NASA confirms inflatable expansion module to the International Space Station

Apr

17

2016

NASA on Saturday installed a new module on the International Space Station. It is an inflatable chamber being tested in the coming period. If the concept function properly, it can provide an inexpensive way to create more space.

Saturday morning the Dragon of SpaceX capsule arrived at the International Space Station to deliver the material for the new space. At 11:36 hours Dutch time NASA reported that the attachment was successful. At time of writing, however, NASA is still working on the installation of the inflatable module, the Bigelow Expandable Activity Module, or BEAM is called. the operation should be completed at the beginning of the afternoon. The coupling has NASA video online put .

After the operation is complete it will take until the end of May before the new room is actually inflated. After expansion, the BEAM is almost 4 meters long, with a diameter of about 3 meters. The aim is to test for two years how the material adheres in the space. During this time, astronauts will regularly enter the room measurements. If the test is successful then it is possible that NASA will make frequent use of inflatable modules to create space on the drive.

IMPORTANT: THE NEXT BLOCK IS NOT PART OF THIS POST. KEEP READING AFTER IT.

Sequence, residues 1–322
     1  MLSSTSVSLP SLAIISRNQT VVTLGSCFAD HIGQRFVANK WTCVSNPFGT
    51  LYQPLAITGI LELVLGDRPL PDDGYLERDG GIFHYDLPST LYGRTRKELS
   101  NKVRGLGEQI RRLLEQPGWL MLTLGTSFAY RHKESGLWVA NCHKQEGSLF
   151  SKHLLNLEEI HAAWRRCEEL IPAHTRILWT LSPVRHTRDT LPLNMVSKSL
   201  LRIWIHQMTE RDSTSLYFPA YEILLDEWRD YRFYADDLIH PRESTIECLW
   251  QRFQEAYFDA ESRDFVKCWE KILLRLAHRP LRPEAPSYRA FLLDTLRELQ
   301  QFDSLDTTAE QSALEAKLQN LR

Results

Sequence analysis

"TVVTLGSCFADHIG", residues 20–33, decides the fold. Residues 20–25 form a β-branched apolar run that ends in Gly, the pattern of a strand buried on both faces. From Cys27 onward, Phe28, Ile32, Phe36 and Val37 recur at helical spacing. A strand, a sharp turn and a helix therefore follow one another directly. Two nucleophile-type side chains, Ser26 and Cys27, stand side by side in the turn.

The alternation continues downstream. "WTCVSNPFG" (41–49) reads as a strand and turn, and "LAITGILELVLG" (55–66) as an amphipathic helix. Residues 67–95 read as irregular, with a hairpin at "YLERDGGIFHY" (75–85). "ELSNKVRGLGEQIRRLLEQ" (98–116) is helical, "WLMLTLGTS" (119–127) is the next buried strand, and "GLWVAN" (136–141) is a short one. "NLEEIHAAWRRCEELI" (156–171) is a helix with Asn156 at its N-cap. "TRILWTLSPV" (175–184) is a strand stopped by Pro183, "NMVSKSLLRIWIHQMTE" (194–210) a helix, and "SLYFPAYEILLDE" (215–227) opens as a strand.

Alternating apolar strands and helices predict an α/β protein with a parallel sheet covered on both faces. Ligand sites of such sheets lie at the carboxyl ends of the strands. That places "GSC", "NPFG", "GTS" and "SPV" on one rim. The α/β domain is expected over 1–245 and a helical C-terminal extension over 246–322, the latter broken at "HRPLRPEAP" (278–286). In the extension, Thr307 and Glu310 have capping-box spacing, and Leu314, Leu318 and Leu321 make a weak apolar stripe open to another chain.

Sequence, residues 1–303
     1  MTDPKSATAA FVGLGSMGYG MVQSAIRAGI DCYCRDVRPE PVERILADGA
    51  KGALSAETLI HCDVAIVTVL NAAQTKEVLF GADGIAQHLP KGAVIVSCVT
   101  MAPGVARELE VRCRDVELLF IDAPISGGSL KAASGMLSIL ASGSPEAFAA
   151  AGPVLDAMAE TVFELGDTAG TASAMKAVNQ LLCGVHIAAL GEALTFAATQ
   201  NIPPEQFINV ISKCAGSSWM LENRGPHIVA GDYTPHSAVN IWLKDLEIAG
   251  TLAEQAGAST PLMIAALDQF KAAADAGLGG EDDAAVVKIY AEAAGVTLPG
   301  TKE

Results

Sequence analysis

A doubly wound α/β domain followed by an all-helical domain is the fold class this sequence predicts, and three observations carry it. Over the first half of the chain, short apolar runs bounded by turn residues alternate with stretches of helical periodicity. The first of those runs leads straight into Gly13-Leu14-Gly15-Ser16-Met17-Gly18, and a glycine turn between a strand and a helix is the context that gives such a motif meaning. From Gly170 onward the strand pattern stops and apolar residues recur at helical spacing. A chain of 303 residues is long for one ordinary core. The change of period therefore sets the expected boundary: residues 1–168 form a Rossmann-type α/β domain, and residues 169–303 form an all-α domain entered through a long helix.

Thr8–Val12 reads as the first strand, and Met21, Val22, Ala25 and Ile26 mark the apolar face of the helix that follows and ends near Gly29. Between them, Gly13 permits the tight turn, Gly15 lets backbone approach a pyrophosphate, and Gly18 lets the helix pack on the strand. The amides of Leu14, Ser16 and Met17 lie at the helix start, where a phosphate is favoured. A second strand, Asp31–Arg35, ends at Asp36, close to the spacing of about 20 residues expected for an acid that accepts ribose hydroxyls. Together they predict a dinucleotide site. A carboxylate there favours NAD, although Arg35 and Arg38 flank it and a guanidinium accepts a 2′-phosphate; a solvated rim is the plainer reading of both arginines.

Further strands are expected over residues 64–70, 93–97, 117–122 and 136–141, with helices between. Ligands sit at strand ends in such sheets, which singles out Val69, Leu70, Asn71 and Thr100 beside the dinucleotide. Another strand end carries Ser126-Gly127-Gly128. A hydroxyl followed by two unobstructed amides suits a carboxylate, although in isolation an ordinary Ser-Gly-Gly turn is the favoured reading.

The biggest advantage of an inflatable module is that the material is light and takes up little space as it shot up from the earth with a rocket. Therefore there can be created a lot of space with relatively modest resources.

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